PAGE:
Contrary to the claims of some politicians and others who should know better, Edward Snowden did not commit treason. Treason is a specific crime defined in the Constitution, and it is particularly difficult to prosecute. As Seth Lipsky wrote in the WSJ this week:
[T]reason turns out to be unique in American law. It is the only crime that the Constitution forbids Congress from defining. It is the only crime to which a court may never accept a confession given to the police. It is the only crime for which restrictions are laid down on how much evidence juries must hear. The Constitution itself underscores that the Founders feared treason law. . . .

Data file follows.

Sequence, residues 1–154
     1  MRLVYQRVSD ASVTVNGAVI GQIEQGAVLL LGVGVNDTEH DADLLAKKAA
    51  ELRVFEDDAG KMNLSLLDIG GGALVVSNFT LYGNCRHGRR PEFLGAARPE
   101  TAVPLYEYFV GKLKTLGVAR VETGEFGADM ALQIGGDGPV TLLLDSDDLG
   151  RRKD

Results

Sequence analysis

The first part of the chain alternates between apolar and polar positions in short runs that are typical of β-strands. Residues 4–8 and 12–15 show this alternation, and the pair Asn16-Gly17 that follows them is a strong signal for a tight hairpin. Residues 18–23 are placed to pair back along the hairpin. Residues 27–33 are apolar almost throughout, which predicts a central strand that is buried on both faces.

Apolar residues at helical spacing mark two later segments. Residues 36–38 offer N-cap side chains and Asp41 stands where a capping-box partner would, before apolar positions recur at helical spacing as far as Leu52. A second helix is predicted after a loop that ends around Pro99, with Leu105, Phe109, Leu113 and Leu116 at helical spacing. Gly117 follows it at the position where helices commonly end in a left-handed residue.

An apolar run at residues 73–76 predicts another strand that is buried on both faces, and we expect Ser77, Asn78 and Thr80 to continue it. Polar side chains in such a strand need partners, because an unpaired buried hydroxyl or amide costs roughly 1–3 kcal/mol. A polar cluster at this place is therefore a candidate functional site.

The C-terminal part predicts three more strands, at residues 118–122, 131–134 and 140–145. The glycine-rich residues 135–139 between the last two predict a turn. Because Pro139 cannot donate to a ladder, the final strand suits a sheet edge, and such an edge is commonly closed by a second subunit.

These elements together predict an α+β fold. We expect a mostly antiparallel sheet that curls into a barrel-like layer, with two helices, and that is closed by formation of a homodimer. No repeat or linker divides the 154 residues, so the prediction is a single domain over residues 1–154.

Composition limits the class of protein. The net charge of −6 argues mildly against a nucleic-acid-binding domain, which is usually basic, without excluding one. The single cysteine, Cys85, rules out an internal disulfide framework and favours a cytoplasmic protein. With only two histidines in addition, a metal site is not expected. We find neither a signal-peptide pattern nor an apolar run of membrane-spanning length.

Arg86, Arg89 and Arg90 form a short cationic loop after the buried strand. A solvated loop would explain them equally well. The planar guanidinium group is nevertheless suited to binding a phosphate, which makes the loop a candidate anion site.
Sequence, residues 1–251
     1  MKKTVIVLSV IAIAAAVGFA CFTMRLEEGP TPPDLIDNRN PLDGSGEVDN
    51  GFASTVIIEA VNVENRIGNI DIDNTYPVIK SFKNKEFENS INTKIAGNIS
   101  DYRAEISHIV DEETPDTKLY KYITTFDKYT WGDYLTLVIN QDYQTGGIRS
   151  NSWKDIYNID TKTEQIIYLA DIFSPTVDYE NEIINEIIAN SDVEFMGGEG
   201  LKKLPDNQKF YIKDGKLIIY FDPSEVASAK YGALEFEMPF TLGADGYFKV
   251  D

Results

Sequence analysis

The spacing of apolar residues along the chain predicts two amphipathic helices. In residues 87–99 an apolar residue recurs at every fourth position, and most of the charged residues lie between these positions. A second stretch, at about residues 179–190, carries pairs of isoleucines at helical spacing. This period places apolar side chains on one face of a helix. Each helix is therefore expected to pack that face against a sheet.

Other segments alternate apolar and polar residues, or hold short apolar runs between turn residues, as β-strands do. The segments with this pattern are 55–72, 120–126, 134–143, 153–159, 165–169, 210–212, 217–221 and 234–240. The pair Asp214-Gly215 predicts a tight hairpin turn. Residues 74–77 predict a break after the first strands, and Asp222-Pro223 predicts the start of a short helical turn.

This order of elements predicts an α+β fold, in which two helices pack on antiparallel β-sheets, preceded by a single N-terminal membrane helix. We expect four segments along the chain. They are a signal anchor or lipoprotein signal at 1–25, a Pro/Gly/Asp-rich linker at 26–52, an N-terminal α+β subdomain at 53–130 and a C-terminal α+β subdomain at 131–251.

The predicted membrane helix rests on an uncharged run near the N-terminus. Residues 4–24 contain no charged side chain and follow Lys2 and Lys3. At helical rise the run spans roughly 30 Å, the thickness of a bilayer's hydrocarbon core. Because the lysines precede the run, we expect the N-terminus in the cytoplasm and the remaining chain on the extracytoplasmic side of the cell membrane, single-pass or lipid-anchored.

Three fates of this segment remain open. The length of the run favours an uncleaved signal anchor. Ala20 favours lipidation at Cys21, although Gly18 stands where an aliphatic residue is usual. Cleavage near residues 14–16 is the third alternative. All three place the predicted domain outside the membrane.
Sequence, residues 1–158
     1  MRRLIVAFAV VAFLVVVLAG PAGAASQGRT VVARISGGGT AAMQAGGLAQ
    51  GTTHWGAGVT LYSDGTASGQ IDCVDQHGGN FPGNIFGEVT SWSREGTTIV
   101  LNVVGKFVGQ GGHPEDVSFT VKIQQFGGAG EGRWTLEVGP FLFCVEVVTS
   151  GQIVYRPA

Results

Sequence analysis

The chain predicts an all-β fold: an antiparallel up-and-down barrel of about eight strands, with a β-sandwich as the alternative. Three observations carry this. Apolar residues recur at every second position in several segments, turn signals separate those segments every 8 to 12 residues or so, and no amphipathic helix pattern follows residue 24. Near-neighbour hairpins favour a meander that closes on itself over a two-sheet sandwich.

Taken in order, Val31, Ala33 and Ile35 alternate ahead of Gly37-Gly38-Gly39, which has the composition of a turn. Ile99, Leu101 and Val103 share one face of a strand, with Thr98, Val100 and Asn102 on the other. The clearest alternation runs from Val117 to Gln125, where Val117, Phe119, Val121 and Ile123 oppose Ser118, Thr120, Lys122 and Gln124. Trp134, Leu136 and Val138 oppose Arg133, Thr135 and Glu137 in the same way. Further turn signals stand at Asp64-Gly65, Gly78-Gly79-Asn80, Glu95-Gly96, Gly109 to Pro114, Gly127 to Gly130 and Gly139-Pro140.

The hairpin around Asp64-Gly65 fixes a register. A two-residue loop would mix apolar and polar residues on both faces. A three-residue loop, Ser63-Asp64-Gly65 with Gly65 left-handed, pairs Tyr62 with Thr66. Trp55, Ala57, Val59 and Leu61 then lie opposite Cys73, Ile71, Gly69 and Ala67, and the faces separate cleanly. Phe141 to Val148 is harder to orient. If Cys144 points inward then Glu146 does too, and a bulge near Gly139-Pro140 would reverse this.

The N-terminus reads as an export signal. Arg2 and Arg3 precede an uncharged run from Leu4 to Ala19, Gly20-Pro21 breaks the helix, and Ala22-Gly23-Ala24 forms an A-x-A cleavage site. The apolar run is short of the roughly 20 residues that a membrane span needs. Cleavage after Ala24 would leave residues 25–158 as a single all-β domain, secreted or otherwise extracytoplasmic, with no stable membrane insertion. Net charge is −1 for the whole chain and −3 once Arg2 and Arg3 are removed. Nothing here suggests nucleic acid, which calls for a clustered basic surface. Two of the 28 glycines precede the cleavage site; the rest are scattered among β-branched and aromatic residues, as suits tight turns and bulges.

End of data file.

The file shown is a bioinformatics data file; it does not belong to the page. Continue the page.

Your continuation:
“Treason against the United States,” the Constitution says, “shall consist only in levying War against them, or in adhering to their Enemies, giving them Aid and Comfort.” It adds: “No Person shall be convicted of Treason unless on the Testimony of two Witnesses to the same overt Act, or on Confession in open Court.”
What this adds up to is that a person has to do one of two things to be a traitor: either levy war or adhere to (form an attachment to, the Supreme Court once said) our enemies, giving them not only aid but also comfort. The two-witness rule has also made treason cases rare in American history.
Snowden’s disclosures may have helped the nation’s adversaries (though I’m skeptical as to how much), but treason requires more than that. It is not enough to release important national security information and consort with the nation’s rivals. Snowden may be prosecuted one day. Barring significant new disclosures and developments, it won’t be for treason.